Enjoying ad-free content?
Since July 1, 2024, we have disabled all ads to improve your reading experience.
This commitment costs us $10,000 a month. Your support can help us fill the gap.
Support us
Our journalism is banned in Russia. We need your help to keep providing you with the truth.

Zenit Stadium Contract Likely to Be Extended

The St. Petersburg city administration is likely to extend a contract to build the 35 billion ruble ($1.09 billion) stadium for the 2018 World Cup with billionaire Oleg Deripaska's Transstroi after it expires this year, governor Georgy Poltavchenko said.

The city authorities are considering two options — prolonging the existing contract or announcing a tender to select a new developer, Poltavchenko said after visiting the site Saturday. The latter will inevitably lead to delays in construction works, he added.

"Any tender means a delay for a year at least, but we can't suspend construction," he said, according to a statement on the Smolny website. He also praised the current pace of work at the site and pointed out that the construction costs of Zenit-Arena, as the stadium is called, might be further reduced by leaving the interior design of the stadium's commercial space to future tenants.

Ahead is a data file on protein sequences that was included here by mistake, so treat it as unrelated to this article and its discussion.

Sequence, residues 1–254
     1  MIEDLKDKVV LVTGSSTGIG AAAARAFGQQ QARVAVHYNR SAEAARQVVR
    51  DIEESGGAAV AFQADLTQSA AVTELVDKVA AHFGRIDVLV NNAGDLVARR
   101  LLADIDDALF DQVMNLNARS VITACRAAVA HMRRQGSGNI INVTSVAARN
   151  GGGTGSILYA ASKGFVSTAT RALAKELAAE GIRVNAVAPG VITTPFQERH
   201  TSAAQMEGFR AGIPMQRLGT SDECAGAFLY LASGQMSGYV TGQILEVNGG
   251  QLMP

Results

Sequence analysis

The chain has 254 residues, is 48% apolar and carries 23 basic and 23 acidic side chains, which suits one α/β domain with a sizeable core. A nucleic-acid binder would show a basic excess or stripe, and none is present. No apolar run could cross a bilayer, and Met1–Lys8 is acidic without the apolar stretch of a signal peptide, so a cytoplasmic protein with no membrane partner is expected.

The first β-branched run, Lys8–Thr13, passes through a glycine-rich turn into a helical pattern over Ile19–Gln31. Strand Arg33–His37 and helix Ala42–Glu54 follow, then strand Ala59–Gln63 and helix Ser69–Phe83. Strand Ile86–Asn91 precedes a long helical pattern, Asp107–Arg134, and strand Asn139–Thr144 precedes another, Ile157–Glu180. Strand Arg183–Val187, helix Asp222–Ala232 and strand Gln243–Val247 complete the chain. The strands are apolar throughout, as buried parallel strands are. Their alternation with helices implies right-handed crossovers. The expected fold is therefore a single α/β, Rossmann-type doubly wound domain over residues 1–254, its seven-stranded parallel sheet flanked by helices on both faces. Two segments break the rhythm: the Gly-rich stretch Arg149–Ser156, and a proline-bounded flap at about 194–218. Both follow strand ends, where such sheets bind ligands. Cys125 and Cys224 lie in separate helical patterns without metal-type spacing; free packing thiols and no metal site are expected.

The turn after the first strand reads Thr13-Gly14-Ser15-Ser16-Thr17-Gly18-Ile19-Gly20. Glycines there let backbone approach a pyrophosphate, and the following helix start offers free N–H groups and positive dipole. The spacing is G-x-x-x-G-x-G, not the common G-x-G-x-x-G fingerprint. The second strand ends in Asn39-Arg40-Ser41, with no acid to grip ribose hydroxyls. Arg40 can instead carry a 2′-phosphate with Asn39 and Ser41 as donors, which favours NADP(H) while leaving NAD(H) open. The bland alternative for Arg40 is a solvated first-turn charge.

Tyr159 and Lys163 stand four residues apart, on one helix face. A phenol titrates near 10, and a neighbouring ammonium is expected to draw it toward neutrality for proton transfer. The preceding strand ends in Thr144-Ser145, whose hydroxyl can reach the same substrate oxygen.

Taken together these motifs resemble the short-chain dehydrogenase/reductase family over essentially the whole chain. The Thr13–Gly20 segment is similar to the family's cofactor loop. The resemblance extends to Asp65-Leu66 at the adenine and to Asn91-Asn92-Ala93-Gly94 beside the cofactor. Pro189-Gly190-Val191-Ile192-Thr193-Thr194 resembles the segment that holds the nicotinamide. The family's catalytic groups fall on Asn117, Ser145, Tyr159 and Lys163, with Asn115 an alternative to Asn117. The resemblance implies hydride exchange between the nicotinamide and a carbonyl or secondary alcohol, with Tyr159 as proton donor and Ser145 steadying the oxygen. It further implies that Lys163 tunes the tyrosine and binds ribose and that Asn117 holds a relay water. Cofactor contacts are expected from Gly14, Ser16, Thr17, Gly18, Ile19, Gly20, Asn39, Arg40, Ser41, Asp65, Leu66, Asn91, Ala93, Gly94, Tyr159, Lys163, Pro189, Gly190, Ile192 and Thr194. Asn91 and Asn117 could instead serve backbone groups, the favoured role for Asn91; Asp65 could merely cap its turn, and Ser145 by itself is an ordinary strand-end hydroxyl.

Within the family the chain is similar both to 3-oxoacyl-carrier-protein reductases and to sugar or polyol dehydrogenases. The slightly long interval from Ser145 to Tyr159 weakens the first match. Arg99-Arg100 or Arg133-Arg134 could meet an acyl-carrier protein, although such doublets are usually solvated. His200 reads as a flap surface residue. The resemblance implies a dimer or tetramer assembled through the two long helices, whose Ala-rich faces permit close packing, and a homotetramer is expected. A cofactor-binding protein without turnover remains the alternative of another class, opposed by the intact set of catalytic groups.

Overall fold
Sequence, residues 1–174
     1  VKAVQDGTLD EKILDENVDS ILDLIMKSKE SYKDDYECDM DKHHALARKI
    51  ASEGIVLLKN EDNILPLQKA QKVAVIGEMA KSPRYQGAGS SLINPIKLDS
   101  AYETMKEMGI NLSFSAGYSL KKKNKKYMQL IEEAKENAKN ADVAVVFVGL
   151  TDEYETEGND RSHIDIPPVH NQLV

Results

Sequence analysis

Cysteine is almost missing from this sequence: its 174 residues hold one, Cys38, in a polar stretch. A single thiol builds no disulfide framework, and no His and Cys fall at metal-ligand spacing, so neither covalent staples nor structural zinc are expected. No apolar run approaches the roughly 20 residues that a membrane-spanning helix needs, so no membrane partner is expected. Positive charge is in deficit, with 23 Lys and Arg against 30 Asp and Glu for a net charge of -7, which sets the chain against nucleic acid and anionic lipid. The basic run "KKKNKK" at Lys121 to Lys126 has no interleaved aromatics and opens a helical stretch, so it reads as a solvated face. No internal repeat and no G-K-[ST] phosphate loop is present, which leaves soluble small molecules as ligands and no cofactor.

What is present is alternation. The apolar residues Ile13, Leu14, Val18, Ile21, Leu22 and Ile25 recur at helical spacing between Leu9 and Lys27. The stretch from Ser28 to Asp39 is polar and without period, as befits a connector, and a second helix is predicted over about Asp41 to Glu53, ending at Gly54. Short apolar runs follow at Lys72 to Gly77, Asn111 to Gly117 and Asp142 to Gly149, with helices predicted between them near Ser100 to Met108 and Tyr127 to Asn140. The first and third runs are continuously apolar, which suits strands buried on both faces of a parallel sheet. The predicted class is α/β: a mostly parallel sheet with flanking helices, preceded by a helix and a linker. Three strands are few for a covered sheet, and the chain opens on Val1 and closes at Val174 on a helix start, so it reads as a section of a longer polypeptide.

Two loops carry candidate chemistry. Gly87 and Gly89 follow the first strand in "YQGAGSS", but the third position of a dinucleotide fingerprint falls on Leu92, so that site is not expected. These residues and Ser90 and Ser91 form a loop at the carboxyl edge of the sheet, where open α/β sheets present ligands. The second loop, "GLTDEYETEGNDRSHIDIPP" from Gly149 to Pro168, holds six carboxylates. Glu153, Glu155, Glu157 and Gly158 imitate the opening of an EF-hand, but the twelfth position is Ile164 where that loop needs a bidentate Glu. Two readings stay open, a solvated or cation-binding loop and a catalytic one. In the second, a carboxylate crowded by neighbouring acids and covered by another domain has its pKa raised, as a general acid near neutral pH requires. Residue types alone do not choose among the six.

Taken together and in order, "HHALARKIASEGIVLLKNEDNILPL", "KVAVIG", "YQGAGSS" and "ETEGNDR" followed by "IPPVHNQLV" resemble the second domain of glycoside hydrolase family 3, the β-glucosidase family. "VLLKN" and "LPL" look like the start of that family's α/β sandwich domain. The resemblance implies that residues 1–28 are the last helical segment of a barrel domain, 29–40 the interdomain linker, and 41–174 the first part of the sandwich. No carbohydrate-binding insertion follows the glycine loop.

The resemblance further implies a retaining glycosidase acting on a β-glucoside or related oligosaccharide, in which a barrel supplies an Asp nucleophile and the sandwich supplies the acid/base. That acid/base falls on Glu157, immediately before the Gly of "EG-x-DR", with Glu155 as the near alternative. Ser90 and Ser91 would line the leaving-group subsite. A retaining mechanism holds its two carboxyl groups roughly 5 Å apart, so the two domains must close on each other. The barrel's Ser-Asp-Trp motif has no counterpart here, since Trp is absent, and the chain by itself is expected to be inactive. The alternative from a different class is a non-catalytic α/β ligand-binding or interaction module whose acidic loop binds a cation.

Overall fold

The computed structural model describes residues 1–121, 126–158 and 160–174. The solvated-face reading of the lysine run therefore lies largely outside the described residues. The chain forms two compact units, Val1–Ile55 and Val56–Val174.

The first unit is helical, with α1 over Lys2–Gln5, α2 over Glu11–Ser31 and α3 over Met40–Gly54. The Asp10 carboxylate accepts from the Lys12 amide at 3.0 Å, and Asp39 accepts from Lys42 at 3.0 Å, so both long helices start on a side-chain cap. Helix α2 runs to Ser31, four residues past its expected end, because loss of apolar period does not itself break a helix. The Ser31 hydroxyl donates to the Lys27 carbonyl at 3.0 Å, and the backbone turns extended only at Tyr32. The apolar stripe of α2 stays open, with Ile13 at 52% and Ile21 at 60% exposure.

The facility will also get surrounding infrastructure, with a new metro station — Novokrestovskaya — to be built nearby, Poltavchenko said.

The controversial project launched in 2007 made headlines last year after its construction costs jumped from the initial 6.7 billion rubles to 44 billion rubles — an increase that Transstroi attributed to expensive technologies being implemented in the stadium.

The St. Petersburg authorities claimed at that time that the city would terminate the contract with Transstroi before the expiration date if no agreement on cost optimization were reached.

The budget for the stadium, which is expected to be completed by 2015 and become the home field for local football club Zenit, was later revised to 34.9 billion rubles.

… we have a small favor to ask. As you may have heard, The Moscow Times, an independent news source for over 30 years, has been unjustly branded as a "foreign agent" by the Russian government. This blatant attempt to silence our voice is a direct assault on the integrity of journalism and the values we hold dear.

We, the journalists of The Moscow Times, refuse to be silenced. Our commitment to providing accurate and unbiased reporting on Russia remains unshaken. But we need your help to continue our critical mission.

Your support, no matter how small, makes a world of difference. If you can, please support us monthly starting from just $2. It's quick to set up, and you can be confident that you're making a significant impact every month by supporting open, independent journalism. Thank you.

paiment methods
Not ready to support today?
Remind me later.

Read more